Azure Kubernetes Service (AKS) with Azure Active Directory (AAD) Pod Identity

Image Source: Block Diagram and Design | Azure Active Directory Pod Identity for Kubernetes


  • Managed Identity Controller (MIC): This is deployed as deployment. MIC does 2 things. It monitors what Azure identity is bound with the requesting Pod and assigns the corresponding EMSI to the hosting Node of that Pod. This is managed by Azure platform.
  • Node Managed Identity (NMI): Once MIC assigns EMSI to the target Node, NMI would request AAD access token on behalf of the requesting Pod. NMI is deployed in daemonsets, so every Node has its own NMI to perform the actions.
# get NMI daemonset
- kubectl get daemonsets -n kube-system
# describe the daemonsets
- kubectl describe daemonsets nmi -n kube-system
  • In AKS Pod Identity GitHub page, you would see behind the scene, the pod-identity-enabled AKS cluster would need to have Azure Identity and Azure Identity Binding for MIC to locate the correct identity object before NMI could request AAD access token on behalf of the Pod. However, these are now handled by Azure platform, so administrators would not have the management overhead.
  • Azure Identity Exception: This allows pods with certain labels to access the Azure Instance Metadata Service (IMDS) endpoint without being intercepted by the node-managed identity (NMI) server. aad-pod-identity retrieves access tokens on behalf of your workload by intercepting token requests to the Instance Metadata Service (IMDS) endpoint (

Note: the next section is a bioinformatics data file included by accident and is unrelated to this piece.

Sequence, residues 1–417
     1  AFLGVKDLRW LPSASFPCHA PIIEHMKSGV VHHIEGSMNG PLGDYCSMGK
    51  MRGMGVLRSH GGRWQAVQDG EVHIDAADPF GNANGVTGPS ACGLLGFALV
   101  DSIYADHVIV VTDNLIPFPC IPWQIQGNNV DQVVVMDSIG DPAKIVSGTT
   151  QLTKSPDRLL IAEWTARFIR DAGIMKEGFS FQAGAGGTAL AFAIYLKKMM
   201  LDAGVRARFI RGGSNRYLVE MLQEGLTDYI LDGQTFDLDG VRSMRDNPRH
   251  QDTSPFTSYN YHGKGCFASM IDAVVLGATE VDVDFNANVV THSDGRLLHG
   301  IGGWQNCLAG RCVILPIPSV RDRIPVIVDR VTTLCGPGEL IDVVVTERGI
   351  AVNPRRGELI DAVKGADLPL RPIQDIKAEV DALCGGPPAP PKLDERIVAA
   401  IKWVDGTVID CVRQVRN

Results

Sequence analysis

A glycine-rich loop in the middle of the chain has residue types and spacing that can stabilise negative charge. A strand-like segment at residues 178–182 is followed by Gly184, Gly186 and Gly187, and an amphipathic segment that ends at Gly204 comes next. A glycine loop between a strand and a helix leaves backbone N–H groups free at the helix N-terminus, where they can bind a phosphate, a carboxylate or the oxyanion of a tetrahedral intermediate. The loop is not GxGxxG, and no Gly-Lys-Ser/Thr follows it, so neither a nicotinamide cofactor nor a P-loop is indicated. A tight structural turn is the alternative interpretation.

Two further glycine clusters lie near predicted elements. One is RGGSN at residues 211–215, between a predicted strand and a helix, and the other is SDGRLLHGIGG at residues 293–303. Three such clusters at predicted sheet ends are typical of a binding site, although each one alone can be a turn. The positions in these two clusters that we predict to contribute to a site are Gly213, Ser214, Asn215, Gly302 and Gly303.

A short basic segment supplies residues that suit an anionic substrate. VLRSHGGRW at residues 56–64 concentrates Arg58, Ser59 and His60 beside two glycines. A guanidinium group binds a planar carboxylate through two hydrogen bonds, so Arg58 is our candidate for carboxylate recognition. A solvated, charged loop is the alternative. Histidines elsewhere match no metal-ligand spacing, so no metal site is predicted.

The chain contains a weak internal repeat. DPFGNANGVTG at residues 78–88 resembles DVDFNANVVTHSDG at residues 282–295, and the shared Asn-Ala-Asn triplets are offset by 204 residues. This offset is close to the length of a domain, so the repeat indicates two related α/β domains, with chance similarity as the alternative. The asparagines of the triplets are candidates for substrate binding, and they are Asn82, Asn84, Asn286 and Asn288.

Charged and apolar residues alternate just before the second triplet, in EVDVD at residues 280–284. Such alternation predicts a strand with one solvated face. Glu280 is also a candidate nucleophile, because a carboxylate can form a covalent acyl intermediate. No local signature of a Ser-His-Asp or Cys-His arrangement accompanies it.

# get Azure Pod identity exception in kube-system namespace
- kubectl get azurepodidentityexception -n kube-system
# describe Azure Pod identity exception
- kubectl describe azurepodidentityexception aks-addon-exception -n kube-system
  • Register for aks preview
az feature register --name EnablePodIdentityPreview --namespace Microsoft.ContainerService
  • Install aks-preview on Az CLI
# Install the aks-preview extension
- az extension add --name aks-preview
# Update the extension to make sure you have the latest version installed
- az extension update --name aks-preview
  • Create AKS cluster with Kubenet or Azure CNI if there is no existing AKS cluster in the subscription
  • Depending on your environment, you would need to either create or update the AKS cluster with pod identity
# update AKS with Kubenet with pod identity
- az aks update -g $MY_RESOURCE_GROUP -n $MY_CLUSTER --enable-pod-identity --enable-pod-identity-with-kubenet
# update AKS with Azure CNI with pod identity
- az aks update -g $MY_RESOURCE_GROUP -n $MY_CLUSTER --enable-pod-identity --network-plugin azure
  • Follow this section of the documentation until the end of “Run a sample application”
  • Lastly, we could see if everything is set up correctly, the logs of the Pod would look similar to below.
kubectl logs demo --follow --namespace $POD_IDENTITY_NAMESPACE



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Learning new things about Kubernetes every day. Hopefully, the learning notes could help people on the same journey!